In 2000, a decade after first stepping foot on the Andaman and Nicobar Islands to visit a doctoral student, Ali accepted a job at a research base in the Andamans. With its plethora of endemic life forms and unique cultures, the islands gave him a new playing field. Here he chose to battle with the problem of invasive species, more specifically the spotted deer and abandoned logging elephants that were (and still are) wreaking ecological havoc on the islands. Armed with irrefutable evidence of the damage being caused, Ali called for urgent control measures but once again found himself thwarted by bureacracy. Then the tsunami struck, and along with it the brainwave to help the Nicobaris market the virgin coconut oil that they were already producing instead of the low-quality copra that was being exported to Port Blair and bought for a pittance. The initiative chugged along in fits and starts but not before money and machines were lost to island politics.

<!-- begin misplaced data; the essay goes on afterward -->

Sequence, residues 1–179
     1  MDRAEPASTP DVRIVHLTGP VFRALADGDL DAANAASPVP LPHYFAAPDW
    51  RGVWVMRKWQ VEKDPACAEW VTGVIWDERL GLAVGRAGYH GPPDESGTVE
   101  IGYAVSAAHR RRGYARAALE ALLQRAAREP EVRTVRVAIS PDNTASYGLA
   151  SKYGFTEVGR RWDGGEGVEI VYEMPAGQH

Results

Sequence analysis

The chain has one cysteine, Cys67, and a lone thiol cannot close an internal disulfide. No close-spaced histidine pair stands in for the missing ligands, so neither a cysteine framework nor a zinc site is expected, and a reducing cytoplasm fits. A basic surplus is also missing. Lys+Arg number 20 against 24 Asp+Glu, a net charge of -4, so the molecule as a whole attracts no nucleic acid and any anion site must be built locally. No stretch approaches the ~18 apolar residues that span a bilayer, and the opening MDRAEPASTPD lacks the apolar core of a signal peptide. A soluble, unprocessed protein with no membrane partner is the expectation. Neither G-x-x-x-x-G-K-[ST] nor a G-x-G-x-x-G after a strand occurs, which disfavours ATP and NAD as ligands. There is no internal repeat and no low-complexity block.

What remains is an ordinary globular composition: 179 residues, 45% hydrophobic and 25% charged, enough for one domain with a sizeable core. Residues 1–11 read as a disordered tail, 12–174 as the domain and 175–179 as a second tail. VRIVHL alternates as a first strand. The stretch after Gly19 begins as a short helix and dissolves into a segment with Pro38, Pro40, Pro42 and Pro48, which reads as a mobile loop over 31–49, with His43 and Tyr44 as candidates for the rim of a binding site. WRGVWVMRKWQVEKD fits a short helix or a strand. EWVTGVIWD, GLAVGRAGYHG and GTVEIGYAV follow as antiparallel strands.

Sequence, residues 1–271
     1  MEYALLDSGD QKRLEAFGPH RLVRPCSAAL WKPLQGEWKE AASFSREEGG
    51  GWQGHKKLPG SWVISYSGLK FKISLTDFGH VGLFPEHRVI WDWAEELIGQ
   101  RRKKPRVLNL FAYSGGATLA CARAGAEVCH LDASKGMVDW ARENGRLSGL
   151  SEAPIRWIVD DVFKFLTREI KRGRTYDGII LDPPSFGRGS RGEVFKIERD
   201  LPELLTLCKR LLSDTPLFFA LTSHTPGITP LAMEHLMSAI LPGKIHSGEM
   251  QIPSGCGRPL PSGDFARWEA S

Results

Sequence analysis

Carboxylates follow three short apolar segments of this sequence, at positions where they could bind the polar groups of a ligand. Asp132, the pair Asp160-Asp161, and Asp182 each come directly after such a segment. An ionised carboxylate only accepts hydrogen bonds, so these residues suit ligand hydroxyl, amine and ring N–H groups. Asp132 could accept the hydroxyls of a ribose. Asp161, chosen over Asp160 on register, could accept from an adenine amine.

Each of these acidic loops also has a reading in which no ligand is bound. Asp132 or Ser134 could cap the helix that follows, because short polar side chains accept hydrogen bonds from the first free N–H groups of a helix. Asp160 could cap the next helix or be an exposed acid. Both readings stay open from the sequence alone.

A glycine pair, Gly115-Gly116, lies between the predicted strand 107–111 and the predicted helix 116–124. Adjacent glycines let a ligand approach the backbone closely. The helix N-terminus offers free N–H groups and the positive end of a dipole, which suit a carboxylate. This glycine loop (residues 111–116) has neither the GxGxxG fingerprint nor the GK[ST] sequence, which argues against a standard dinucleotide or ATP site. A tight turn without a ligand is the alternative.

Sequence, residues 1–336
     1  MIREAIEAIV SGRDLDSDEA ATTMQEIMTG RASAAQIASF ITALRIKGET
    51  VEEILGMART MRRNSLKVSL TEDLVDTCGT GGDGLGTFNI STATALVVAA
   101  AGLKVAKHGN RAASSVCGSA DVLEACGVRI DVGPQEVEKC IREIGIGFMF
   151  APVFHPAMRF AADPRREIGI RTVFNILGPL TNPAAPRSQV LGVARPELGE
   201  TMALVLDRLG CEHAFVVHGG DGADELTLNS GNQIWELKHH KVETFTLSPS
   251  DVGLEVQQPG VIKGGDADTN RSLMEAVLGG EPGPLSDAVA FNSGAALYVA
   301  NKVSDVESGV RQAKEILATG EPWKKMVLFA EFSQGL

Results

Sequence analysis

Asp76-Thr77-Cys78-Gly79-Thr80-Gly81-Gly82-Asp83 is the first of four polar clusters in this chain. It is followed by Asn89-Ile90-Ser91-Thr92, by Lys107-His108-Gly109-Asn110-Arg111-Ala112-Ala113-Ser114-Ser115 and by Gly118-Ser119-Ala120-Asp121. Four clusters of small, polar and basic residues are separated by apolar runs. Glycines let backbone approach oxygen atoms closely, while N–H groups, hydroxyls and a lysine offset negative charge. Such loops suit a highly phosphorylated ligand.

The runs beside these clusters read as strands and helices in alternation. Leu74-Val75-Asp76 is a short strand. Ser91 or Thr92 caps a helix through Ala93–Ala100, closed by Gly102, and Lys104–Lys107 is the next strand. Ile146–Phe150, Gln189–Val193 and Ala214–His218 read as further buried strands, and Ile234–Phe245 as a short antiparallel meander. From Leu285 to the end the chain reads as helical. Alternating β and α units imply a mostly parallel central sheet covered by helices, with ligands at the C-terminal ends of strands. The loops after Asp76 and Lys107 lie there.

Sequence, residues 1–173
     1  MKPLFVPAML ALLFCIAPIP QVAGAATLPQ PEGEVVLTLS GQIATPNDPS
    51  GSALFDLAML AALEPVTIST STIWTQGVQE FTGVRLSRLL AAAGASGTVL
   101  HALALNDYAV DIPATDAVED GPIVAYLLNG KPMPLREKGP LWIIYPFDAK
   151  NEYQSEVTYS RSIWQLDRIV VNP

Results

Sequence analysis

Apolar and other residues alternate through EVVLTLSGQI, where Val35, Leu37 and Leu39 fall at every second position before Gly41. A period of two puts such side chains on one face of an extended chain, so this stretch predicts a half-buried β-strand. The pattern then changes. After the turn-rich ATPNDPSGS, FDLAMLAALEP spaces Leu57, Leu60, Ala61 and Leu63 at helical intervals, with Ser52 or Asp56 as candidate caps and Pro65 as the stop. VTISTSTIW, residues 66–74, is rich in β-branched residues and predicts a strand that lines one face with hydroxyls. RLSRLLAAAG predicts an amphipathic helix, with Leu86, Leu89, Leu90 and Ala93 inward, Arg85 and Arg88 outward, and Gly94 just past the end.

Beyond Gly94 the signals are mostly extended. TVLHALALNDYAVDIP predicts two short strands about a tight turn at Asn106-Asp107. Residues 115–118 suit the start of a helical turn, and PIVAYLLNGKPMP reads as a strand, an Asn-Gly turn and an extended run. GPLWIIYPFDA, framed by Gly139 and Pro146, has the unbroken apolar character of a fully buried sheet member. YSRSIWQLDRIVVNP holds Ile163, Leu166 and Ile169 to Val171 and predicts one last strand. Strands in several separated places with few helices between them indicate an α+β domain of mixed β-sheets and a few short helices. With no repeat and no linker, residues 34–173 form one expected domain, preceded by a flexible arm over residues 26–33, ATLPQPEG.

Rauf Ali’s style isn’t whimsical like the majority of nature writers. He shares none of Jane Goodall’s poignancy or M Krishnan’s lyricism. Often he writes without tact, taking no great effort to conceal the identities of those he critiques. He’s given to go off on a tangent, and the book is punctuated with commentary on topics ranging from the social function of ragging in colleges to the inept administration of Auroville. But Ali writes with wit and without guile and this makes Running Away from Elephants a bracing experience.

Throughout the book, he unpacks and explores theories and beliefs that are taken for granted by conservationists and ecologists and provokes one to examine his own position on these. For those of us who are used to scientists toeing the line and preserving social niceties, it’s exhilarating to read Ali’s more radical ideas. For example, he advocated the legalisation of marijuana on the grounds that the Narcotics Act was prima facie impacting wild elephant populations by (criminalising and so) pushing ganja cultivation deep into the Western Ghats and thus fragmenting prime elephant habitat.